The trick is never to mount the ox in the first place, per the Ch’an master Foyan; he said there were only two diseases at his monastery, searching for an ox while riding an ox and being mounted on an ox unable to dismount. He asked, isn’t it better never to mount in the first place?
I would say the meaning is that where we are is sufficient to act, if we can relax and accept the way our feelings inform consciousness. Our feelings do affect our sense of place, and our acceptance of what we feel allows the ability to feel to be spontaneous, and our consciousness to take place freely. Sometimes I look to falling asleep sitting up, where a little jerk wakes me up as I start to fall over, but I can realize the action without the jerk if I attend my sense of place. It’s the same state of mind where I observe the dreams that happen sitting up, although those are very brief and the state of mind that catches sight of them need not be.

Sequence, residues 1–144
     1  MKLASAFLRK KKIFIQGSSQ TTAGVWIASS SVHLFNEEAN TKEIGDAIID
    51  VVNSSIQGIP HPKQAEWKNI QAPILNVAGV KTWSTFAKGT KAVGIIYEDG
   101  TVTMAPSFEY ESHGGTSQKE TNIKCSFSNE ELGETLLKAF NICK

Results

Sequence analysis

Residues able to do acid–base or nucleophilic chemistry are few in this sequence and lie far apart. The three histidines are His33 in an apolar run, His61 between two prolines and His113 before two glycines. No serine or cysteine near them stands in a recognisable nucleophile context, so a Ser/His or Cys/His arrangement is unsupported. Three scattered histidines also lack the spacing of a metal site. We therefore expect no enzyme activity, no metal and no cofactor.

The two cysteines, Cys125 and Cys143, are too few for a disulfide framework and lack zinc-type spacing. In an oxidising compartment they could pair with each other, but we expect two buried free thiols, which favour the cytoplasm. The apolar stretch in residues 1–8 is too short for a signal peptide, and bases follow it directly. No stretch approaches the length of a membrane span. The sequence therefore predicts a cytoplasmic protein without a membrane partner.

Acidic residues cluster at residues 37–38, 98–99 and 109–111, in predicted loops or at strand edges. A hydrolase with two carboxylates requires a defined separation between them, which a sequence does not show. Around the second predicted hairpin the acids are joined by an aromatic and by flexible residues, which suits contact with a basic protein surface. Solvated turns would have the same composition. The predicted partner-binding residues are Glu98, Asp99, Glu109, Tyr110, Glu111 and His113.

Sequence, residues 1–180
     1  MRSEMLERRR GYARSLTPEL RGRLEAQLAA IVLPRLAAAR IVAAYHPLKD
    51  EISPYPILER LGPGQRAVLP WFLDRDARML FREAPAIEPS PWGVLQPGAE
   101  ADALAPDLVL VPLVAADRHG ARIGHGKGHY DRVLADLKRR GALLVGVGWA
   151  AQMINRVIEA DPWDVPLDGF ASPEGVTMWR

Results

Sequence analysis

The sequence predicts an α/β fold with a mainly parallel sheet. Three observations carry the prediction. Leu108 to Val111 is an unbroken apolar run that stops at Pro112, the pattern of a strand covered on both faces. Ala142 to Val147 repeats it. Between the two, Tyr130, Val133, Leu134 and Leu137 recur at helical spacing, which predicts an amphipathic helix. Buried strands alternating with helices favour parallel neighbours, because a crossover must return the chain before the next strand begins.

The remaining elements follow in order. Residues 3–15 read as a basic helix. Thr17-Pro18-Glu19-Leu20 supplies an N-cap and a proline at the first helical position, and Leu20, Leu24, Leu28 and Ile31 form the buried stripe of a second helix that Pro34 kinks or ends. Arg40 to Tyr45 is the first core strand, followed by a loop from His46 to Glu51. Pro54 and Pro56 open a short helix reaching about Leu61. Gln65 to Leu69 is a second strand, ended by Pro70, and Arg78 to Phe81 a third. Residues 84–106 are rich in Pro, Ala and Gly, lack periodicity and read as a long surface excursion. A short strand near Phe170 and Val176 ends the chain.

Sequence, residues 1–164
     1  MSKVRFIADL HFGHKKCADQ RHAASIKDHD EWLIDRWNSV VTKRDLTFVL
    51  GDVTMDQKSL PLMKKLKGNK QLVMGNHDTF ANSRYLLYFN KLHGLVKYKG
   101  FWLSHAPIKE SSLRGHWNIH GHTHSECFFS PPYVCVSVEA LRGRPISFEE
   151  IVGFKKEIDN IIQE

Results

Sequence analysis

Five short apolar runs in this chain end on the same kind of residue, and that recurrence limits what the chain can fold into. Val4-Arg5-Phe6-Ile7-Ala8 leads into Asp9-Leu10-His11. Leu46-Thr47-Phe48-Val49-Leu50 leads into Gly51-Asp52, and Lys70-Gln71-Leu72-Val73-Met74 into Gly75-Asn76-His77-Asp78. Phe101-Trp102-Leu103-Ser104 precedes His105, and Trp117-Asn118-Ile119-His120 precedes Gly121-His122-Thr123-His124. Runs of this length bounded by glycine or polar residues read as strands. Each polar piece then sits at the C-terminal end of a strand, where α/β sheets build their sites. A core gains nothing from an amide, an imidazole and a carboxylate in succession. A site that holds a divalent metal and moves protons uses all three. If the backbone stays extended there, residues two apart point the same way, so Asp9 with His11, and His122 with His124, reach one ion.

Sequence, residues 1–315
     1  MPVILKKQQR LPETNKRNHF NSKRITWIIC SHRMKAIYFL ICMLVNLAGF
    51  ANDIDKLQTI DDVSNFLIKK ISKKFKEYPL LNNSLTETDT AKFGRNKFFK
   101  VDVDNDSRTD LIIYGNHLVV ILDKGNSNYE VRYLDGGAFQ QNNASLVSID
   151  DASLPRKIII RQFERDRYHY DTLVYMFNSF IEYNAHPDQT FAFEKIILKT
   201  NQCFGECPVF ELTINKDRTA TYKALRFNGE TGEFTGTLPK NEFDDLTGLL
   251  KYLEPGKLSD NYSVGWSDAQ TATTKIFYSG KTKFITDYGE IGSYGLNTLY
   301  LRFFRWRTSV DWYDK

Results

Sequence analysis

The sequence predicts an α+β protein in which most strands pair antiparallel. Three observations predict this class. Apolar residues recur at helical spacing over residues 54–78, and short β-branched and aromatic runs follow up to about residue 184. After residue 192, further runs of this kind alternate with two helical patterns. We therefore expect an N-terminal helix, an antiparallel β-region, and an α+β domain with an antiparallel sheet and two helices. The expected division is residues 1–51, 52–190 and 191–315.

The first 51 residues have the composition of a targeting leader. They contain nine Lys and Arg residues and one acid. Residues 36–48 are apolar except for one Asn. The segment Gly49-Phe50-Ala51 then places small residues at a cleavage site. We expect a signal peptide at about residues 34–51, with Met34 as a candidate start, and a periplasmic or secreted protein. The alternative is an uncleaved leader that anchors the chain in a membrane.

Why would I do that: because the sense of place from one moment to the next acts, and that is ox and rider without mounting. I can’t be anywhere other than where I am, but to experience action out of being where I am requires a state between waking and sleeping. As I said, it’s as simple as the sense of location as I fall asleep, which shifts from place to place; it’s also as complicated as getting up and walking around with no idea of what I’m doing or why (and finding out later!).
So no special effort, and yet I practice sitting doing nothing in the mornings, as I’m waking up. I practice at night until I’m falling asleep, too, although that’s usually a shorter sitting. That’s my approach to riding the ox home.